On the brighter side, even with the economy not doing to great and all that, things aren’t as bad as they seem. The liquor industry as a whole is somewhat safer in a recession than some other industries. Beer sales, and specifically craft beer sales are on the rise.

Small independent craft brewers are gaining alcohol market share due to a shift toward full flavor beer and increased support for local breweries. From 2007 to 2008, estimated sales by craft brewers were up 5.8% by volume and 10.5% in dollars. Overall share of the beer category from craft brewers was 4.0% of production and 6.3% of retail sales. More than 1 million new barrels of beer were sold in 2008, and close to half of those barrels were beer from craft brewers.




We’ve got some serious passion working in our favor. I sort of only talk about beer, brewing, and the brewing business these days. We’ve got youth working in our favor as well. When I’m 40 or 50 I probably won’t be excited to work 80 hour weeks on the brewery. Today, at 25, I cannot wait. And we’ve got the support of our friends and family. Yes, people suggest we keep our jobs in these current economic times. But the overall momentum of support is in favor of getting this brewery open and pouring. Lastly, we’ve got Denver. Denver is primed for beer. There are already breweries here. People like good beer. We don’t need to convince people that our beer tastes better than the macro breweries. The already know it. And let’s not forget about that little annual event called the Great American Beer Fest. It’s a good town to make beer.

Personally, I can’t wait.

As usual, we have open ears and open minds for any and all ideas. If you know someone who has money burning a hole in a nice pair of pants, just waiting to fund a start up, I’d love to buy him or her some lunch. Likewise, if you have an idea or contact or anything you’d like to share with us, we’re all ears.

Maybe I’ll win the lotto. I should probably start playing first…

Read Full Post »

Rising unemployment, massive credit crunch, rising commodity prices, out of control state and federal budgets, DJIA plummeting, and that’s only here in the US.  Wow, I need a beer.  A lot of Americans have been saying the same thing, and somewhat amazingly, they are looking for craft beers, not just Key-Light and PBR (not that there is anything wrong with these two fine examples of American Lagers).  But don’t take it from me, check out some of the news I have found from just the last few months.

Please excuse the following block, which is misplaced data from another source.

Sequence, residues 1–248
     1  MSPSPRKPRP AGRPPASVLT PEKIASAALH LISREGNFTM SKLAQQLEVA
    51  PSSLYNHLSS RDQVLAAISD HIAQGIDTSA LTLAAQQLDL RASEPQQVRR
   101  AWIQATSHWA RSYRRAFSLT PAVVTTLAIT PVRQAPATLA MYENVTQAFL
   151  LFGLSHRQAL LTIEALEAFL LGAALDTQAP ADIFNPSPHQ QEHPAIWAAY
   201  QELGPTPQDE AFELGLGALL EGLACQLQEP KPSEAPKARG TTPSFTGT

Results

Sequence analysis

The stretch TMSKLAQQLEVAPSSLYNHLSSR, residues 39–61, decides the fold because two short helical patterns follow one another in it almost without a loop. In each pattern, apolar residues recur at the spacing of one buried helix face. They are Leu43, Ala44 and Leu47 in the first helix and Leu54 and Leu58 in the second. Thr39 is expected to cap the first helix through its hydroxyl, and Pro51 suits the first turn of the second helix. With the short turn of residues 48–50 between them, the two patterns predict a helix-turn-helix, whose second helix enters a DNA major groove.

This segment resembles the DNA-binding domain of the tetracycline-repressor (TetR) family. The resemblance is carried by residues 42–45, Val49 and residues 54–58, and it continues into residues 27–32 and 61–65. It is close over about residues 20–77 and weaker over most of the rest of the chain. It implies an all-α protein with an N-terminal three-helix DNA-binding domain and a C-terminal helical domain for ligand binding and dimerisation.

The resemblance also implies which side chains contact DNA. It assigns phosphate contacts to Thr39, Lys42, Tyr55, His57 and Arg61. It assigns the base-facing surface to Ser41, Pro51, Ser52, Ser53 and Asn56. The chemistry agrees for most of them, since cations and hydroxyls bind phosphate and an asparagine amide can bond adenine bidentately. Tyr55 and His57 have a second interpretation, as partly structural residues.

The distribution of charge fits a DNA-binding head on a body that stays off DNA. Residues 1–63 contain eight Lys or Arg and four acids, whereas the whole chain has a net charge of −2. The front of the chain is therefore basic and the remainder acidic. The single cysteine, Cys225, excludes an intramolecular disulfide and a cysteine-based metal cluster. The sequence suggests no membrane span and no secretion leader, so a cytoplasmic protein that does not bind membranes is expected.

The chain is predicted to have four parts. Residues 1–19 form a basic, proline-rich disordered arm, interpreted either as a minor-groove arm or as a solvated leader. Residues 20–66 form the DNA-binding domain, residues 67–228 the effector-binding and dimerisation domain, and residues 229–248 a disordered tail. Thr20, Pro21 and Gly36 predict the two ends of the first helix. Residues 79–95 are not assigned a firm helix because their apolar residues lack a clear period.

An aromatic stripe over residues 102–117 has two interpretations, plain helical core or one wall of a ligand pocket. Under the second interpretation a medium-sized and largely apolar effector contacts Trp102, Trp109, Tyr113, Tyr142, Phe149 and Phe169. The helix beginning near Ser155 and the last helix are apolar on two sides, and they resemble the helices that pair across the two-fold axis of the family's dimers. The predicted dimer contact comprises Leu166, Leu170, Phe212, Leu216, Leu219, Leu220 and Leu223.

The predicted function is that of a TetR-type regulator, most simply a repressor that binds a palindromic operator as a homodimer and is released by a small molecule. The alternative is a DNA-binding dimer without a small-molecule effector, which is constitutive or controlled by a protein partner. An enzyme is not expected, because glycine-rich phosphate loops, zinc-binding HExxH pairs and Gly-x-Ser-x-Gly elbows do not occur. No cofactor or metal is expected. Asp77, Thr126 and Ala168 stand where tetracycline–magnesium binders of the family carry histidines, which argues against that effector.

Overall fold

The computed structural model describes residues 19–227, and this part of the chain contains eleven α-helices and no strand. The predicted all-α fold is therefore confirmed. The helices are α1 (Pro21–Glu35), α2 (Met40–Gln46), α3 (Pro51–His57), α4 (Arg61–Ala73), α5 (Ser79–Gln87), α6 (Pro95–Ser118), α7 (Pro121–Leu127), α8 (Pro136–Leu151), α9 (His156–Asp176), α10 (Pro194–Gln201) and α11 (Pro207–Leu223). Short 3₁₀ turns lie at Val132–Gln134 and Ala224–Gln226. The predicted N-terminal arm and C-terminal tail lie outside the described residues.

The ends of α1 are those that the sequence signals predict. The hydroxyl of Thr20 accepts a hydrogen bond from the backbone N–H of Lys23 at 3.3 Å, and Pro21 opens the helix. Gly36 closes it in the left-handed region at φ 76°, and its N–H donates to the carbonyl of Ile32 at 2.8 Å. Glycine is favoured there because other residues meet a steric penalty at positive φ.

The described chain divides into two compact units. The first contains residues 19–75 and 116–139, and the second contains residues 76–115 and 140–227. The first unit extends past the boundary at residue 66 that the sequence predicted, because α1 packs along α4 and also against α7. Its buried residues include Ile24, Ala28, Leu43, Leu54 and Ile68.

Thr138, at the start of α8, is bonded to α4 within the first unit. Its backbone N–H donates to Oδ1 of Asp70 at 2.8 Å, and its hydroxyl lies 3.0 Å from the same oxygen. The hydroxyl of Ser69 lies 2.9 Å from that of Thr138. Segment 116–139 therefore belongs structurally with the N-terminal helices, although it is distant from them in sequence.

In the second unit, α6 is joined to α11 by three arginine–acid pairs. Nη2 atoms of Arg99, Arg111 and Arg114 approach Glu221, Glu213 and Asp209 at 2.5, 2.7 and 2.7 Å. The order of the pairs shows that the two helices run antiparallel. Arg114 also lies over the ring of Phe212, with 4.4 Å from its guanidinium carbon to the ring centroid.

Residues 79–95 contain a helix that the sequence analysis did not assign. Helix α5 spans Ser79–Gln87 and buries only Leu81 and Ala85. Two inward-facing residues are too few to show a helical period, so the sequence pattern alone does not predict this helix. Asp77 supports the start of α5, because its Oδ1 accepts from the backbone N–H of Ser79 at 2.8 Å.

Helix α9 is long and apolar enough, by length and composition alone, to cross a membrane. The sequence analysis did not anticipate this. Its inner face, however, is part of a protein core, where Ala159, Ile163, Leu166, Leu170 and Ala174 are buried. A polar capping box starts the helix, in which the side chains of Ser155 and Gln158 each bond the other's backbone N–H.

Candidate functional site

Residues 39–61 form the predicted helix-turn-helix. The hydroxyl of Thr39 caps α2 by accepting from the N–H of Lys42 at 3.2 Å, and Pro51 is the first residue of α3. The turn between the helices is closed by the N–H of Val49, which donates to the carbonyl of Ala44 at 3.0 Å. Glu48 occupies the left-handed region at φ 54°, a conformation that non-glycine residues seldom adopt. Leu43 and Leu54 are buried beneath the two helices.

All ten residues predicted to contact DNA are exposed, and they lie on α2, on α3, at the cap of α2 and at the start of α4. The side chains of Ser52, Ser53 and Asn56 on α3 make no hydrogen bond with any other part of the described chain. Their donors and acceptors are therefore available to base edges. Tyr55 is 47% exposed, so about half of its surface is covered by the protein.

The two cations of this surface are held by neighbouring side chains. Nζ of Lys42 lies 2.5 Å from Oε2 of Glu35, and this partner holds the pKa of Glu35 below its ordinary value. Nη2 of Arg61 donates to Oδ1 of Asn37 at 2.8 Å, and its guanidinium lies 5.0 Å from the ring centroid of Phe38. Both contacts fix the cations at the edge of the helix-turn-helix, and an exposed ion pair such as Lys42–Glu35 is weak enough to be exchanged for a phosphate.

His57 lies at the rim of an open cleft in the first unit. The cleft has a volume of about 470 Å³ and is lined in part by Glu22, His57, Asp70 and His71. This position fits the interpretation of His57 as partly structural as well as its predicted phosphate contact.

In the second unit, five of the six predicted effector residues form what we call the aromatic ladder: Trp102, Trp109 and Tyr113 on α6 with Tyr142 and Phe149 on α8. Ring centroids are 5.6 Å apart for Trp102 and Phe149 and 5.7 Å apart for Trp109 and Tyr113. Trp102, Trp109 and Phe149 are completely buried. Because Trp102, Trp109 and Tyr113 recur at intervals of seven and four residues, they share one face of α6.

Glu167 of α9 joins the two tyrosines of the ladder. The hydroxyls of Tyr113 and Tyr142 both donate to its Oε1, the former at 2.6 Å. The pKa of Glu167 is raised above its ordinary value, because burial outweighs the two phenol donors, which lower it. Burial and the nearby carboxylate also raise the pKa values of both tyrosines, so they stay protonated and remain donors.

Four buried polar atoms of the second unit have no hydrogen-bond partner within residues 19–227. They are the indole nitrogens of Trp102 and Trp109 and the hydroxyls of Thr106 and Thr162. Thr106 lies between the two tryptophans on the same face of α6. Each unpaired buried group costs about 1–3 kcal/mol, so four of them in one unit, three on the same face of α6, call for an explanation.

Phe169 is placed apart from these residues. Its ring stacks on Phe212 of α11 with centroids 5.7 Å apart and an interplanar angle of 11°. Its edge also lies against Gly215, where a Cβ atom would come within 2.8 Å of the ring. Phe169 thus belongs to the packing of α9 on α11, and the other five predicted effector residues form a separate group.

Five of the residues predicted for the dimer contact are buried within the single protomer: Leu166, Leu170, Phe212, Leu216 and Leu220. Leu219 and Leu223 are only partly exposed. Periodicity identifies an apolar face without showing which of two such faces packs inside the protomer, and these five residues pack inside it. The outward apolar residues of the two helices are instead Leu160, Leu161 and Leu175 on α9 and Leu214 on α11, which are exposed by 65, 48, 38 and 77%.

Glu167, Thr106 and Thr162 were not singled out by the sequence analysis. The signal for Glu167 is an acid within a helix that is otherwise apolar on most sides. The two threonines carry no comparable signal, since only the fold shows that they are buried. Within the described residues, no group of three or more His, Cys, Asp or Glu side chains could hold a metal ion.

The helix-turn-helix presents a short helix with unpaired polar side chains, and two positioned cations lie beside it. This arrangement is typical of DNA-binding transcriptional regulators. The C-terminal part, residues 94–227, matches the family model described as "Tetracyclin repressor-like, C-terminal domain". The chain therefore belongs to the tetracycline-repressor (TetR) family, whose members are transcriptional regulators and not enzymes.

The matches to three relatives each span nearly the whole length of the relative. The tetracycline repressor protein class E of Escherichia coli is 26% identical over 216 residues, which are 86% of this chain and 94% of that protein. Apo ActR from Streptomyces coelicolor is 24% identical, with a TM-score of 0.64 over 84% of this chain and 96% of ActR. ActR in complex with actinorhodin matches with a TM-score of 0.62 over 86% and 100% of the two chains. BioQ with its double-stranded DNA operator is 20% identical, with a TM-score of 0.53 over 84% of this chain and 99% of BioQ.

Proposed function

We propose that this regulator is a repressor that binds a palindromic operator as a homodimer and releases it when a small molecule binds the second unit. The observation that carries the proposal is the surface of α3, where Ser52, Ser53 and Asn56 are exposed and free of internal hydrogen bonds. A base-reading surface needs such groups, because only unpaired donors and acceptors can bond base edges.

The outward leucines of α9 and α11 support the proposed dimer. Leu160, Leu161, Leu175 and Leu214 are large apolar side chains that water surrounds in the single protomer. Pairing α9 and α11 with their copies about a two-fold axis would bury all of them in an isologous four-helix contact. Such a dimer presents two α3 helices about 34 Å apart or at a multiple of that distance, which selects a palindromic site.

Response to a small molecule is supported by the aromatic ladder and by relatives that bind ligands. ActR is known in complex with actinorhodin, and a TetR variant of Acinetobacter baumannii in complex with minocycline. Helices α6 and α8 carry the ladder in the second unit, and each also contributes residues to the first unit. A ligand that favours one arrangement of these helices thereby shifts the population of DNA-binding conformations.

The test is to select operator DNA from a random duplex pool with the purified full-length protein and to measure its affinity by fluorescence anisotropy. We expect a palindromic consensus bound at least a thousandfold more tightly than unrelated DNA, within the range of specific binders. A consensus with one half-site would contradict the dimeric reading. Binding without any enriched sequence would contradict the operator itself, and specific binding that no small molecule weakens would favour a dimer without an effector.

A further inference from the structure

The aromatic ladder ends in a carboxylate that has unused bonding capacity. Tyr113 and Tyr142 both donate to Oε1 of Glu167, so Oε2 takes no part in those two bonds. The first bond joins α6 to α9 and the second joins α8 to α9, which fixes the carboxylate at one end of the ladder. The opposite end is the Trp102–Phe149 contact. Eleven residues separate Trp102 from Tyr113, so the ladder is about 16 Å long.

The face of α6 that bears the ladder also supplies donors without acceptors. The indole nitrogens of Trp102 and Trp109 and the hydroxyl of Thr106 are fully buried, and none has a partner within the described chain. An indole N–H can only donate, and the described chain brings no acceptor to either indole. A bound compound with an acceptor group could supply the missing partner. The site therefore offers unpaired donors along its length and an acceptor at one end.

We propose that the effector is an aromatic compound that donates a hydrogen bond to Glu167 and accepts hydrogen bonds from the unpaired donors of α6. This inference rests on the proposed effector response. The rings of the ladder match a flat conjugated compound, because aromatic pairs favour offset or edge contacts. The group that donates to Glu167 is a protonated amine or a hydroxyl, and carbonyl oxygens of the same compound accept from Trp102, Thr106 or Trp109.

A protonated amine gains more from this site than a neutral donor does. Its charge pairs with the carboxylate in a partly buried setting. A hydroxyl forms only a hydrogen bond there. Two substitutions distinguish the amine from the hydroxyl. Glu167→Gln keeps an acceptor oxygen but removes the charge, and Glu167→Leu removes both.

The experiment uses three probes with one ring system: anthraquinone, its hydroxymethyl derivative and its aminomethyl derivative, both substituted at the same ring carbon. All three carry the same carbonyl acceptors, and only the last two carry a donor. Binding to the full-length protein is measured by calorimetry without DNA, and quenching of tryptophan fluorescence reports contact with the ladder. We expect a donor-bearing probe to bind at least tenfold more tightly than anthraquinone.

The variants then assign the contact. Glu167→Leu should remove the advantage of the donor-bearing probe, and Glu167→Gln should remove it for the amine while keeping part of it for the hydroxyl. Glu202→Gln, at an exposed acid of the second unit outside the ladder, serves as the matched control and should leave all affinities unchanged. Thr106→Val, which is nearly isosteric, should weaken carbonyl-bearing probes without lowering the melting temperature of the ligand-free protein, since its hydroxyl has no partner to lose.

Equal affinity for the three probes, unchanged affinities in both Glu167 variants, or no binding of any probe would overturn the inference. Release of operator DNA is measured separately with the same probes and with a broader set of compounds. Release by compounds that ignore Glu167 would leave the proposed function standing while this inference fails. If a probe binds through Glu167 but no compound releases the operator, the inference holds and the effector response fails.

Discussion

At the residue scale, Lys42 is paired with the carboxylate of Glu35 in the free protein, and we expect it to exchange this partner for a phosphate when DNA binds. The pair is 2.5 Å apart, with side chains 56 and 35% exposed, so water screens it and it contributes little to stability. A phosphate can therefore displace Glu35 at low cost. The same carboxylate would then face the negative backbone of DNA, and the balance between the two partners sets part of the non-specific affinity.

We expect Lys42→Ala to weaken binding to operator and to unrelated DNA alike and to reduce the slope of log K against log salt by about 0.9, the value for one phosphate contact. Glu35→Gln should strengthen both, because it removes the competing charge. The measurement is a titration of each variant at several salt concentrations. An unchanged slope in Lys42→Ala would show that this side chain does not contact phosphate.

“Americans love beer — one of the world’s oldest alcoholic beverages. According to the Beer Institute, if you average it out, every American over 21 drinks more than 30 gallons of beer annually, and the beer industry is one of the few sectors not having its worst year since the Great Depression.”

“The Boulder-based Brewers Association reports that craft beer sales grew almost 6 percent in 2008 – the only area of noticeable growth in the beer biz.”

“The craft brewing industry generates $6.3 billion each year, according to the Brewers Association. The volume of beer produced through craft brewing, which includes brewpubs and microbreweries, grew by 5.8 percent in 2008.”

Yes, we know this is former German chancellor Gerhard Schroeder drinking a beer. But its the only appropriate image we came up with when we Googled businessman drunk.

Yes, we know this is former German chancellor Gerhard Schroeder drinking a beer. But it's the only appropriate image we came up with when we Googled "businessman drunk".

Not only is it a brewer’s market right now, it is also a good time to venture out on your own (in many industries), according to numerous experts.  It might sound risky to a lot of people, but I attended an entrepreneur panel last week at Colorado College and left with a renewed belief in the drive of American entrepreneurs.  During that discussion I also learned that 3 of the 5 panelists started their businesses in a recession, and they have made it work.

“Regardless of what people around you (including the media) may say, right now is the best time to get into business. Just go back and look at the economic slowdowns throughout history. Most recessions in the post-World War II era last an average of 10 months, followed by growth cycles that last an average of 50 months.”

“We’re Americans. Entrepreneurship is in our DNA. You’re right that when the economy tightens, fewer people are likely to start businesses. But what that means is that you can do a competitive regional analysis and know that your niche is protected, for a while at least. Grand openings, ribbon cuttings, and groundbreakings are likely to get a lot more media and general attention in your community.”

While the future is certainly uncertain, I am fairly confident that the economy will begin to recover by the time we get all of our ducks in a row and we will be able to launch at an opportune time.  Now finding funding could be the tough part.  As one of the esteemed CC alum entrepreneur panelists put it, “Without funding your vision is just a hallucination.”

Read Full Post »